Monthly Archives: May 2010

Are Short Timeframes Just Noise?

Are Short Timeframes Just Noise? (And Other Scalping Feedback)

Thanks to everyone who provided feedback on the Scalping article last week – http://yourtradingcoach.com/trading-process-and-strategy/scalping/

It appears this is a market approach that interests quite a few people. Expect to hear more in future. For those of you not interested though, do not despair. There will be lots of other content. And the concepts will often apply to larger timeframes as well.

Today though, let’s address a couple of the key points discussed via email feedback during the last week.

(1) Ensure Liquidity

These strategies absolutely must be executed only in liquid markets. You need to have the confidence that you’ll get into or out of the market at, or close to, the planned price. Essentially, you’re looking to ensure that the market still provides smooth price action. If the chart is filled with stop-and-go price action, or gaps all over the place, avoid it or stick to higher timeframe trading. If the market results in too much adverse slippage, find another market.

I’ll be sticking to the emini indices and the fx futures, during their peak volume periods only.

(2) Minimize Costs

Costs MUST be minimized or you’ll bleed your account to death. As I said above, I’ll be sticking to the emini futures and the fx futures. I don’t plan to attempt this on spot forex at all. That being said, ForexBird seems to scalp the spot forex EUR/USD and EUR/JPY contracts quite successfully.

If you want to try it on spot forex, test on a demo platform first. But I’d be limiting scalping to pairs with 2 pips or less spread, possibly 3 as an absolute maximum for some of the larger range pairs such as GBP/USD.

(Actually, that’s good advice regardless of the chosen market – practice and prove success on a demo first.)

(3) Bias is dangerous

Great comment from a reader. I absolutely agree – but only when the trader is unwilling to change their bias.

While I believe you need to have some view of future market direction, you must be absolutely ready and willing to dump that bias as soon as new information comes to light that opposes your view.

Success on these timeframes is about reacting to what the market is showing you. Be prepared. Be focused. And be flexible. If you’re not willing to be proven wrong, you don’t belong in this timeframe (actually, you don’t yet belong in the markets, full stop!)

(4) Are Short Timeframes Just Noise?

Thanks to those who tried to tell me that short timeframes are just random noise, so scalping just won’t work. Love it! I appreciate your concern. 🙂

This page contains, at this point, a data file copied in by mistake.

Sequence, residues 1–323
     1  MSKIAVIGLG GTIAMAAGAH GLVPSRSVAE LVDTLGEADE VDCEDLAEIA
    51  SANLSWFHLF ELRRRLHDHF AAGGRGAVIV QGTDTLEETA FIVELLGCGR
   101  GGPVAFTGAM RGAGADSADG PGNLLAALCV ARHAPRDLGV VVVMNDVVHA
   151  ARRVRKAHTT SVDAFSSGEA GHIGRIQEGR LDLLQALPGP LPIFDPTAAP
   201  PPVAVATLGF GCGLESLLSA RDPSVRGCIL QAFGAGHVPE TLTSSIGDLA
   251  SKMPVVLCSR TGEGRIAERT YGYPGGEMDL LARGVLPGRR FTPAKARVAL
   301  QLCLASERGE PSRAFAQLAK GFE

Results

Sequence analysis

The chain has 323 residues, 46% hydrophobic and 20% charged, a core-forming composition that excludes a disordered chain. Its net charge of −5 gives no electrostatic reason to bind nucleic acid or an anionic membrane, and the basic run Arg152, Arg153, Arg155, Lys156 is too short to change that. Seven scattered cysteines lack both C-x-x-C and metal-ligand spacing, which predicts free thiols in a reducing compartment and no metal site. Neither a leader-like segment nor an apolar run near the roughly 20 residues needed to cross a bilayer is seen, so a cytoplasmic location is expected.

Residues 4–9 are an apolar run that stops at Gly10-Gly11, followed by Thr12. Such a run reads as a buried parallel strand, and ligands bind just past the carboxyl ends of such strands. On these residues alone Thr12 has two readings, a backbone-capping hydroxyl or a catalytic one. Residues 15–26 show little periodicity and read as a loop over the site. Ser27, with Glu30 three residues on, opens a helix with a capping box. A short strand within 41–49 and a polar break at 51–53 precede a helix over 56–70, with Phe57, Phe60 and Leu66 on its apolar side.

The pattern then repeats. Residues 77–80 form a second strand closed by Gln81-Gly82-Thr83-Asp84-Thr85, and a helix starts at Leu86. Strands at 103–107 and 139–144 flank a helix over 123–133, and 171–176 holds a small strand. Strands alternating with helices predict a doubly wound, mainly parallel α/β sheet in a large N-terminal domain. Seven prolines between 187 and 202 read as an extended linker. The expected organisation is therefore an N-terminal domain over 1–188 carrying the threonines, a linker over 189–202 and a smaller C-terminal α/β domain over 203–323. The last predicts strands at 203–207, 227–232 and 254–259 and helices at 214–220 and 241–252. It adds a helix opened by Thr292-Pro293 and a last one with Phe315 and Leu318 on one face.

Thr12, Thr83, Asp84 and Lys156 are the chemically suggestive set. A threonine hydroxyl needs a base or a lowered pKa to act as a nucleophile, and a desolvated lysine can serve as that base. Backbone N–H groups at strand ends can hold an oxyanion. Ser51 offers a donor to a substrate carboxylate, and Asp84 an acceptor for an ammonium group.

Seriously, this is a common view that I read all over the internet – "short term price action is just all random noise".

Traders who operate on daily charts believe that hourly charts are just noise and contain no edge. Hourly chart traders believe that the 5 minute chart is noise. 5 minute chart traders believe that the 1 minute chart is noise. And on and on.

Rubbish!

The reality is that they just can’t read it.

There is no noise – it’s all information.

Once again this will be best demonstrated by showing charts. Let’s look at a couple of trade opportunities from the last week, using standard price action based setups. All charts are 10 second charts. As you’ll see, THE SAME SUPPLY AND DEMAND PRINCIPLES WORK.

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Scalping

I’ve been following a great blog (http://forexbird.blogspot.com/) for a couple of months now and it’s inspired me to spend a week or two playing with a reduction in trading timeframe.

And I have to say that while trading is without doubt a serious business, I haven’t had so much FUN in years.

Despite his excellent performance, the strategy used by the ForexBird trader doesn’t appeal to me personally; in particular jumping on momentum moves. But I’ve found my normal approach adapts quite nicely to the lower timeframes.

My ‘normal’ trading involves what many already consider to be small timeframes, as follows:

  • 60 or 30 min chart – used to define an S/R structure to the market
  • 5 or 3 min chart – used to define the market environment and the trend which exists within the higher timeframe structure, and to develop a feel for bias
  • 1 min chart – used to fine-tune my analysis and bias and to work my entries and exits

For the last few nights, I’ve been operating on slightly quicker charts:

  • 3 min chart – used to define an S/R structure to the market
  • 1 min chart – used to define the market environment and the trend which exists within the higher timeframe structure, and to develop a feel for bias
  • 10 sec chart – used to fine-tune my analysis and bias and to work my entries and exits

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Support Becomes Resistance – A Trade Example

Once broken, key areas of support will often act as resistance. Vice versa for key areas of resistance, which when broken will become future support. Let’s look at an example, of support becoming resistance. The beauty of this example is that it’s a challenging one from a trade management perspective (especially for people like me who actively manage their positions), so there’s a lot to consider in this example.

The chart below is a recent 3 min GBP/USD chart showing support (created by earlier price action) tested again at A and B, before breaking at point C. Previous support now becomes potential resistance, as price rallies up to point D.

 

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Panic – 6 May 2010

Volatility has returned – big time!

I assume you’ve seen the results of the session on the news. But if you missed it, here’s the daily chart of the DJIA (Dow Jones Industrial Average) showing the drop which at one point had fallen just under 1000pts (previous close 10,868; today’s low 9,869.62):

 

 

Impressive stuff!

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